Gothic rock

Genre of rock music / From Wikipedia, the free encyclopedia

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Gothic rock (also called goth rock or simply goth) is a style of rock music that emerged from post-punk in the United Kingdom in the late 1970s. The first post-punk bands which shifted toward dark music with gothic overtones include Siouxsie and the Banshees,[2][3] Joy Division,[2][3][4] Bauhaus,[2][3] and the Cure.[2][3]

Quick facts: Gothic rock, Other names, Stylistic origins, ...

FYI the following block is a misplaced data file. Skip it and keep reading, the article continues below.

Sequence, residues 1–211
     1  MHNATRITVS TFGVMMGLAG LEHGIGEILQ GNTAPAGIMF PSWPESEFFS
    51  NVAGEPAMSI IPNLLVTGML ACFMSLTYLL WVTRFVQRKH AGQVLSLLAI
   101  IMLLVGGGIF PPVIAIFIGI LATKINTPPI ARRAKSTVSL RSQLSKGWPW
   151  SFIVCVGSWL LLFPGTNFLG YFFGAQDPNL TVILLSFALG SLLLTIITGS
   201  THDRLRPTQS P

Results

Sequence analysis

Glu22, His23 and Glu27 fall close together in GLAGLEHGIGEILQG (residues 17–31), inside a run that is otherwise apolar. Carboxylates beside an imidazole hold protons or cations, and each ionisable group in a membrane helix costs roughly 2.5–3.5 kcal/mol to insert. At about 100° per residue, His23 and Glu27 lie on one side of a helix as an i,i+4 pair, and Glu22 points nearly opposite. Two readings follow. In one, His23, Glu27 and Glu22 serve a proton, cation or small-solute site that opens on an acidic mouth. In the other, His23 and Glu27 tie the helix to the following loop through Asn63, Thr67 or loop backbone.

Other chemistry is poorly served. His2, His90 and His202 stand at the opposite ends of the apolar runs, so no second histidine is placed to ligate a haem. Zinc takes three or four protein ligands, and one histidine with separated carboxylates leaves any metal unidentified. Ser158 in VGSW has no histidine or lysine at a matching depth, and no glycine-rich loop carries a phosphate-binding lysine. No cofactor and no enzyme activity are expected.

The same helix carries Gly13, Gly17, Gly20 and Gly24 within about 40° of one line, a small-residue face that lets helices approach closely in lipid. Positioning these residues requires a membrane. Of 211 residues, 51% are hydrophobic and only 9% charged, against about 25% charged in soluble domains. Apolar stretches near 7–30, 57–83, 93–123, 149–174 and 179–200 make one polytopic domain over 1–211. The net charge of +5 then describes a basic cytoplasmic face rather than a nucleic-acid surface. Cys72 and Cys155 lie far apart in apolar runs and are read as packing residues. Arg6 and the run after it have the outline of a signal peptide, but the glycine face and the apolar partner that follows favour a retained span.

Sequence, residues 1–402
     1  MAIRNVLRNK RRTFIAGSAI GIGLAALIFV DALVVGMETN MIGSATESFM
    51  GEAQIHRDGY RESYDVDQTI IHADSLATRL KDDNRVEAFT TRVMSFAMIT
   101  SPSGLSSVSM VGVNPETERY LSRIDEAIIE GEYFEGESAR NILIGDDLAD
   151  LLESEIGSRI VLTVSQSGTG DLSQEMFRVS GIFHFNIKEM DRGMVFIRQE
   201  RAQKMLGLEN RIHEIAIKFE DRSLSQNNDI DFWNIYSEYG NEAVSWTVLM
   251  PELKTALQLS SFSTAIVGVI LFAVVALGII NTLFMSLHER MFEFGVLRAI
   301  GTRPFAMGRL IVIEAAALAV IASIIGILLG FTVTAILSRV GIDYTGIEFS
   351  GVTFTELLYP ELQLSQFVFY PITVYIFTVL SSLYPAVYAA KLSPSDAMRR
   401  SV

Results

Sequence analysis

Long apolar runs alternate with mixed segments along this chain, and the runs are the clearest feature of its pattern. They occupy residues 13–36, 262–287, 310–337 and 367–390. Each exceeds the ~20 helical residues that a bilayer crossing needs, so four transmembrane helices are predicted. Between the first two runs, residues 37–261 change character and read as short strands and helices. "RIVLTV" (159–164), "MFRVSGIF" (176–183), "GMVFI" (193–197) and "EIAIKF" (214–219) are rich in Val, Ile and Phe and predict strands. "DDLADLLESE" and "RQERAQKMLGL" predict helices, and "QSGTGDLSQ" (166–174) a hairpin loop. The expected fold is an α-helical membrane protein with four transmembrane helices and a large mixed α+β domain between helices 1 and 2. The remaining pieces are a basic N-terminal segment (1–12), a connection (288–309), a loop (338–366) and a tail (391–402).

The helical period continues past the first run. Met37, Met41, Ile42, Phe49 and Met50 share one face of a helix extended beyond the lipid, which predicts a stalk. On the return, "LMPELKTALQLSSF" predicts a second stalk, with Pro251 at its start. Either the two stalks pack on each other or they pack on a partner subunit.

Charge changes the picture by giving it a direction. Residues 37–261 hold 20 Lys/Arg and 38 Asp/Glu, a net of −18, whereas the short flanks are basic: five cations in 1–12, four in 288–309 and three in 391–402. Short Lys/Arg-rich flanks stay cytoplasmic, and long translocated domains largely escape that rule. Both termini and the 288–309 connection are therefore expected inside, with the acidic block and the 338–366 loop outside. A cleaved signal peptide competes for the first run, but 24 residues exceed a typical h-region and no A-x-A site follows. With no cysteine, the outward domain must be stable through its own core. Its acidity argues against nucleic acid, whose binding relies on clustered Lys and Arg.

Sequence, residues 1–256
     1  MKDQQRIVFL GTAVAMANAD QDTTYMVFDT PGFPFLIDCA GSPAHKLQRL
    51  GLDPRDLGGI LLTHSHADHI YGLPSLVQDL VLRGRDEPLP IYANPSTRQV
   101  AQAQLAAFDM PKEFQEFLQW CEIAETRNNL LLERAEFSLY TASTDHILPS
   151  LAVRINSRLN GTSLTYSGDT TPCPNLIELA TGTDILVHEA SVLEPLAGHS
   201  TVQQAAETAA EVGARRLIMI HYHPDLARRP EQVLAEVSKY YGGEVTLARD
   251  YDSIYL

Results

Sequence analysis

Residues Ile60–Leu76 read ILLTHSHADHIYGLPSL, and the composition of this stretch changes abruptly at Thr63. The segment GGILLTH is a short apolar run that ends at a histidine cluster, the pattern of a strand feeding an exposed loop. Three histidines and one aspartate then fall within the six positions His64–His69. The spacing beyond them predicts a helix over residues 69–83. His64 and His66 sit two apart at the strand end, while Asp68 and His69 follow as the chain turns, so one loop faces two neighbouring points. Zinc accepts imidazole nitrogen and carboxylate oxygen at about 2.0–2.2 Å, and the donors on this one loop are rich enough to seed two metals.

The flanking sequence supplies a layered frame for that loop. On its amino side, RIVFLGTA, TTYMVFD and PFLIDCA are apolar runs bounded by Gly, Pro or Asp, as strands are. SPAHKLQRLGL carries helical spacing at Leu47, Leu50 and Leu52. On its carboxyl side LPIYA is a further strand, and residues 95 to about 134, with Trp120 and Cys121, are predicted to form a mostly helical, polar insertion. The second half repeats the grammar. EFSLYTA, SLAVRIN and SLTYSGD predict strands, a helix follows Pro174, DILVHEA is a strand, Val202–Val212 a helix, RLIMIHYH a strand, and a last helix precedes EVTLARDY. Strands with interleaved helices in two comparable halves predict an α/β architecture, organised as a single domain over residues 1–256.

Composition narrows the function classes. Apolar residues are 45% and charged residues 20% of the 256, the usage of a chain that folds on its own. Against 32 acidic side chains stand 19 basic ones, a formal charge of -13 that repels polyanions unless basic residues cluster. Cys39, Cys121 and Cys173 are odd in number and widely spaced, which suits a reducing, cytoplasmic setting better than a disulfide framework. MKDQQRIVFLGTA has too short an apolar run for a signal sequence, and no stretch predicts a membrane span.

The genre itself was defined as a separate movement from post-punk. Gothic rock stood out due to its darker sound, with the use of primarily minor or bass chords, reverb, dark arrangements, or dramatic and melancholic melodies, having inspirations in gothic literature allied with themes such as sadness, nihilism, dark romanticism, tragedy, melancholy and morbidity. These themes are often approached poetically. The sensibilities of the genre led the lyrics to represent the evil of the century and the romantic idealization of death and the supernatural imagination. Gothic rock then gave rise to a broader goth subculture that included clubs, fashion and publications in the 1980s, 1990s, and into the 21st century.